This week we are studying oceans. We talked about the different kinds of life in the ocean, and about what ocean animals eat. Then we explored the idea that the ocean has different zones. Each zone is inhabited by its own set of plants and animals, which have adapted to that particular environment. We read the book Down, Down, Down by Steve Jenkins. This book takes you from the surface of the ocean through the sunlight zone, the twilight zone, the dark zone, and all the way down to the bottom of the Challenger Deep, almost seven miles below the surface.
Students have been investigating, sorting, and counting shells. They have been “diving” in the ocean in our outdoor classroom, and exploring the wide variety of animals that inhabit the waters.
Last week we started talking about an exciting African country—Egypt! The tricky part of talking about Egypt is finding a balance between investigating all the fascinating aspects of the ancient civilization while still emphasizing that the modern Egypt has cities and cars and children who live lives quite similar to their own. We read books about Egypt, and what it’s like to live there. We talked about how Cairo is a huge city, and that most Egyptians are Muslim.
Once we felt everyone had a good handle on modern Egypt, we dove into talking about pharaohs, pyramids, hieroglyphs, and mummies. We emphasized that mummies are not alive, contrary to what we sometimes see in books and movies. We talked about how challenging it was to build a pyramid, and the maze of passages and chambers that lay inside.
Our students have loved exploring Egypt with their hands—building pyramids with our blocks inside and constructing their own pyramids outside. They also created a cartouche necklace by using hieroglyphs to represent their name.
This week, students in Primary are studying rocks and the Earth. We talked about the three types of rock and how each type of rock is part of the rock cycle. Molten rock fromed beneath the earth’s crust is brought to the surface by volcanoes. After the lava cools, this igneous rock can be transformed into sedimentary or metamorphic rock. Then it can be pushed deep inside the earth again, where it will melt and the cycle will start again.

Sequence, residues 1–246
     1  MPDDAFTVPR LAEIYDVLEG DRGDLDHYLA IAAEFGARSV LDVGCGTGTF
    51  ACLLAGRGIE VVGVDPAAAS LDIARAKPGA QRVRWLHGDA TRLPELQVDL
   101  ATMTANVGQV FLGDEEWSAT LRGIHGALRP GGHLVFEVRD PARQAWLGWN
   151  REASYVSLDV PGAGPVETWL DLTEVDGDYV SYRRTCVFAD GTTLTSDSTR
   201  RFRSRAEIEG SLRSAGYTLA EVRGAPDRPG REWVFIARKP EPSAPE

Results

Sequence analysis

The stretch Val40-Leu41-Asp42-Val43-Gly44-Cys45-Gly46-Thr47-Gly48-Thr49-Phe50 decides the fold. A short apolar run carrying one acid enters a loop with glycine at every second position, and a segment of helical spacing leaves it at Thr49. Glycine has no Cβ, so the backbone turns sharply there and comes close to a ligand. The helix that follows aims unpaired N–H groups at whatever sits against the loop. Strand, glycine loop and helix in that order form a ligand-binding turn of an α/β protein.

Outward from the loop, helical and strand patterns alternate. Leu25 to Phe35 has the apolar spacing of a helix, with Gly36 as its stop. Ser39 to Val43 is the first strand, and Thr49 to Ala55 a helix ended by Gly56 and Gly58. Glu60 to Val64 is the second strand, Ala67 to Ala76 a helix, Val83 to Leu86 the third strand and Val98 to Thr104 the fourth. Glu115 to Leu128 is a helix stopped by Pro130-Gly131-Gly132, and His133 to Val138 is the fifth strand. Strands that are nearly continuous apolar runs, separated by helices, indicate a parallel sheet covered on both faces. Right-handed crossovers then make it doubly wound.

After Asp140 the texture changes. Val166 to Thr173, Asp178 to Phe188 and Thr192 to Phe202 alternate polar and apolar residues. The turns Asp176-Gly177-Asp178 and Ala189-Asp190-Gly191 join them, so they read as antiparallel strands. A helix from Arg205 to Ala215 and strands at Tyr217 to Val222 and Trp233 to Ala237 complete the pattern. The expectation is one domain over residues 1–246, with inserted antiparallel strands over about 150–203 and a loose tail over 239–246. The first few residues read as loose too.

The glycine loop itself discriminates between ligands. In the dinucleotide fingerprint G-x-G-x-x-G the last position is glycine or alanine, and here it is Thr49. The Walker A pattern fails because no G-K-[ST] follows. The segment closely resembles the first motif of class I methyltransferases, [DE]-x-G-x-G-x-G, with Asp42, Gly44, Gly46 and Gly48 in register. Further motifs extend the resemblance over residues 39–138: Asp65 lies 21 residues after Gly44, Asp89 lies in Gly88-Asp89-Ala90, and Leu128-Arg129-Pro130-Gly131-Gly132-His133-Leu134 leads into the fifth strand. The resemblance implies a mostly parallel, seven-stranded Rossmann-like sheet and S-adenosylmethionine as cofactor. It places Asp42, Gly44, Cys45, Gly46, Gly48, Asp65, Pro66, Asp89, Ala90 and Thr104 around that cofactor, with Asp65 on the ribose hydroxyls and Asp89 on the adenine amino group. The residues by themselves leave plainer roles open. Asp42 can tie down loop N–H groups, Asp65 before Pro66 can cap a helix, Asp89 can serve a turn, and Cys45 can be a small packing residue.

We demonstrated these three kinds of rocks with soft candy—adding pressure to simulate sedimentary rocks, some heat and pressure for metamorphic rocks, and a lot of heat for igneous rocks. We watched the components of dirt separate when mixed with water and allowed to settle and erupted our volcano model. We also sliced open a hard boiled egg to see that it has layers similar to our planet.
This topic has led to numerous drawings and the writing of books showing the incredible information gained by studying rocks.
On Tuesday we talked about Dr. Martin Luther King, Jr. and his significance in history. At this age, we try to find a gentle way to talk about this subject.
We began with a basket of eggs in a variety of colors. We gave each child an egg and asked them describe it—color, size, and shape. Then one at a time, we asked for the eggs back, cracking them into a big bowl. What we noticed was that while the shells of the eggs looked very different, for the most part, the insides of the eggs looked very much the same.
We talked about how this was much like people—we look very different, but on the inside we are very much the same. We told the children that this was the work of Dr. King, to spread the idea that he felt all people should be treated equally, regardless of the differences we might see on the outside. We all deserve love, respect, and a chance to thrive.
We finished our meeting by reading a book which contained an excerpt of Dr. King’s “I Have a Dream” speech.
Second graders have been busy learning the pentatonic scale, both aural and written, and have been learning to sight-sing different patterns. A pentatonic scale is a scale with only 5 tones. The word “pentatonic” comes from the Greek “pente” meaning 5 and the Latin “tonicus” meaning tone. Pentatonic scales are very useful in learning music theory as well as composing music. Most Western folk music is composed using a pentatonic scale.
Today, students were given cards on which were printed various patterns of solfege in the pentatonic scale: do, re, me, sol, la. Each student chose favorite patterns and arranged them in a way that sounded pleasing to them the only “rule” being that the song had to end on do. After some practice, composers became performers as they played their songs for the class.